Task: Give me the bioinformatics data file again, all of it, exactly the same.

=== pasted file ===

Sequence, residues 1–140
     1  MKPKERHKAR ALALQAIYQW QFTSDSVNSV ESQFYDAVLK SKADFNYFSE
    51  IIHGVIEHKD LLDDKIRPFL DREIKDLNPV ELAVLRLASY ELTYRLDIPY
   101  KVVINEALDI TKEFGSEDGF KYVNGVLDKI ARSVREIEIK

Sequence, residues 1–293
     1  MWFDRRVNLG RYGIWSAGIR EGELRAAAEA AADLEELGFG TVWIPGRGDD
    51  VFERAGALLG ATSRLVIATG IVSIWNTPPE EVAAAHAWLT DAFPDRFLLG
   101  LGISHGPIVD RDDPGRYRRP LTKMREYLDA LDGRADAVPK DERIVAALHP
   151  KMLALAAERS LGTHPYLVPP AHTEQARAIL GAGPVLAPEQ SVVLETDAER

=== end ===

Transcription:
Sequence, residues 1–140
     1  MKPKERHKAR ALALQAIYQW QFTSDSVNSV ESQFYDAVLK SKADFNYFSE
    51  IIHGVIEHKD LLDDKIRPFL DREIKDLNPV ELAVLRLASY ELTYRLDIPY
   101  KVVINEALDI TKEFGSEDGF KYVNGVLDKI ARSVREIEIK

Sequence, residues 1–293
     1  MWFDRRVNLG RYGIWSAGIR EGELRAAAEA AADLEELGFG TVWIPGRGDD
    51  VFERAGALLG ATSRLVIATG IVSIWNTPPE EVAAAHAWLT DAFPDRFLLG
   101  LGISHGPIVD RDDPGRYRRP LTKMREYLDA LDGRADAVPK DERIVAALHP
   151  KMLALAAERS LGTHPYLVPP AHTEQARAIL GAGPVLAPEQ SVVLETDAER